Take the 2-minute tour ×
MathOverflow is a question and answer site for professional mathematicians. It's 100% free, no registration required.

Let $\mathcal C$ be a category, and consider a new category $\mathcal C'$ with

$Obj(\mathcal C') := \{$pairs $(X \in Obj(\mathcal C), T \in End_{\mathcal C}(X)) \}$

$Hom_{\mathcal C'}((X,T_X),(Y,T_Y)) := \{R \in Hom_{\mathcal C}(X,Y) : T_Y \circ R = R\circ T_X \}$

Does this $\mathcal C'$ have a name, or any non-formally-obvious properties?

I suppose that the more natural construction would let $T$ be an arbitrary morphism instead of an endomorphism. In my context $\mathcal C$ is additive and I require also that $T^2=0$.

share|improve this question
add comment

3 Answers

up vote 5 down vote accepted

I think what you have defined is just called the category of endomorphisms in $\mathcal{C}$. See for instance Marian Mrozek's 1992 paper Normal functors and retractors in categories of endomorphisms for some properties of this category.

The oldest mention that I have found in the literature so far is

Almkvist, Gert, The Grothendieck ring of the category of endomorphisms, J. of Algebra 28 (1974), 375–388.

Almkvist restricts attention to the case where $\mathcal{C}$ is the category of $A$-modules which admit a finite projective resolution. See also this question of mine about homotopy properties of iterating the endomorphism construction.

share|improve this answer
3  
Thanks for that Mrozek reference, Vidit. I'm very glad to discover it, for reasons that are probably quite different to Allen's (golem.ph.utexas.edu/category/2011/12/…). Mrozek, like me, uses $\text{Endo}(\mathcal{C})$ for Allen's category. Tiny nitpick: it's better to call it the category of endomorphisms in $\mathcal{C}$, not of $\mathcal{C}$, since the latter sounds like the category of endofunctors of $\mathcal{C}$. –  Tom Leinster Nov 15 '13 at 21:54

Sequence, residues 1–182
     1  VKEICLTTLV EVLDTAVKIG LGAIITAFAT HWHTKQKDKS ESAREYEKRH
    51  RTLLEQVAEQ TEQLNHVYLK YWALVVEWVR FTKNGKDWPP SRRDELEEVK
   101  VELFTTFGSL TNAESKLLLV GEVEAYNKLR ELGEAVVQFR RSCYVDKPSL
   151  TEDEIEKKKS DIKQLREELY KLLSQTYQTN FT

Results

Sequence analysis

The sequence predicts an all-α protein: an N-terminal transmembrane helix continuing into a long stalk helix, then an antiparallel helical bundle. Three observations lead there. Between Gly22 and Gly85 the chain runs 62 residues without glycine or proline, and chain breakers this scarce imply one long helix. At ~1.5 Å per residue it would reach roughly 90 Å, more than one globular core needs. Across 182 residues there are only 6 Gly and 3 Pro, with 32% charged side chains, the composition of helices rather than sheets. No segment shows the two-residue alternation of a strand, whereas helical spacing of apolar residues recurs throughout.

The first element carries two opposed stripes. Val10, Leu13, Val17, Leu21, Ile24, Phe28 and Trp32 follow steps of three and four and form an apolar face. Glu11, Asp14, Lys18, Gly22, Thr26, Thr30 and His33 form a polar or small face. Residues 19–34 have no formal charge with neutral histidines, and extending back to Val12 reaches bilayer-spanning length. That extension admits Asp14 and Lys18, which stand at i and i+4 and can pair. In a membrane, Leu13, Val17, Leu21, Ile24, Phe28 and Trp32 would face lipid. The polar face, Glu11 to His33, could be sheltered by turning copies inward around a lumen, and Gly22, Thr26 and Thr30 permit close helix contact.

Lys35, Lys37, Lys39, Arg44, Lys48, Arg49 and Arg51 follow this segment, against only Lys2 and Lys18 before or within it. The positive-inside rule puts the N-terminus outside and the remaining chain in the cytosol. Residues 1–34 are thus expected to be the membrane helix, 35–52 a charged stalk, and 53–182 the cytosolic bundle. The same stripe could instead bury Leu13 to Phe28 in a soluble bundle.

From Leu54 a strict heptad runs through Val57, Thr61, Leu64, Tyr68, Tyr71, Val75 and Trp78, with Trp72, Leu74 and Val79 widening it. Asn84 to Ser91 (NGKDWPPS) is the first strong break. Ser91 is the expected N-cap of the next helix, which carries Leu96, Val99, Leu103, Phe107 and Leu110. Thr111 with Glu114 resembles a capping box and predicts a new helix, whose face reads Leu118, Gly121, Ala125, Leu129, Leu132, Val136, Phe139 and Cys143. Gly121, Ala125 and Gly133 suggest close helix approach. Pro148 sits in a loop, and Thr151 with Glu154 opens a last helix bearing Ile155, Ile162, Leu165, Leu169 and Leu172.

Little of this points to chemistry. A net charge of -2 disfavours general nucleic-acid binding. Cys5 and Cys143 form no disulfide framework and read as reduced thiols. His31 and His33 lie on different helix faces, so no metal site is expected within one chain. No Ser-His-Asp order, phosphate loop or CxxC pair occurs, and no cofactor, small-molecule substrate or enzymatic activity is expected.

add comment

$\mathcal{C}'$ is isomorphic to a functor category, namely the category of functors $\mathbb{B} \mathbb{N} \to \mathcal{C}$, where $\mathbb{B} \mathbb{N}$ is the category freely generated by an endomorphism, i.e. the category with one object $*$ and $\mathrm{Hom}(*, *) = \mathbb{N}$.

If $\mathcal{C}$ is an $\mathbf{Ab}$-category and you also require $T^2 = 0$, then $\mathcal{C}'$ is isomorphic to the category of additive functors $\mathbb{B} A \to \mathcal{C}$, where $\mathbb{B} A$ is the $\mathbf{Ab}$-category with just one object $*$ and $\mathrm{Hom}(*, *) = A$, where $A$ is the ring $\mathbb{Z} [T] / (T^2)$. As always, $\mathcal{C}'$ is an $\mathbf{Ab}$-category.

share|improve this answer
2  
$C'$ can also be described as the subcategory of the category $\text{Arr}(C)$ of arrows in $C$ with the same source and target, or equivalently as the equalizer of the two projections $\text{Arr}(C) \to C$. This reflects the fact that $B\mathbb{N}$ itself can be described as the coequalizer of the two inclusions of the terminal category $\text{pt}$ into the interval category $I$. This is a categorical version of the construction of the circle by gluing together an interval at its endpoints, and so one can think of $C'$ as a categorical version of the (free) loop space. –  Qiaochu Yuan Nov 15 '13 at 19:08
6  
$C'$ is not the full subcategory of $\mathrm{Arr}(C)$ on arrows with the same source and target. In that full subcategory, a morphism $(X, f:X \to X) \to (Y, g:Y \to Y)$ is a pair of morphisms $p,q : X \to Y$ such that $g \circ p = q \circ f$, whereas in the actual endomorphism category the morphisms are just those where $p=q$, @QiaochuYuan. The equalizer description is correct, however (being an equalizer also forces $p=q$). –  Omar Antolín-Camarena Nov 15 '13 at 19:48
add comment

I would call it the category of representations of the loop quiver in $C$.

share|improve this answer
add comment

Your Answer

 
discard

By posting your answer, you agree to the privacy policy and terms of service.

Not the answer you're looking for? Browse other questions tagged or ask your own question.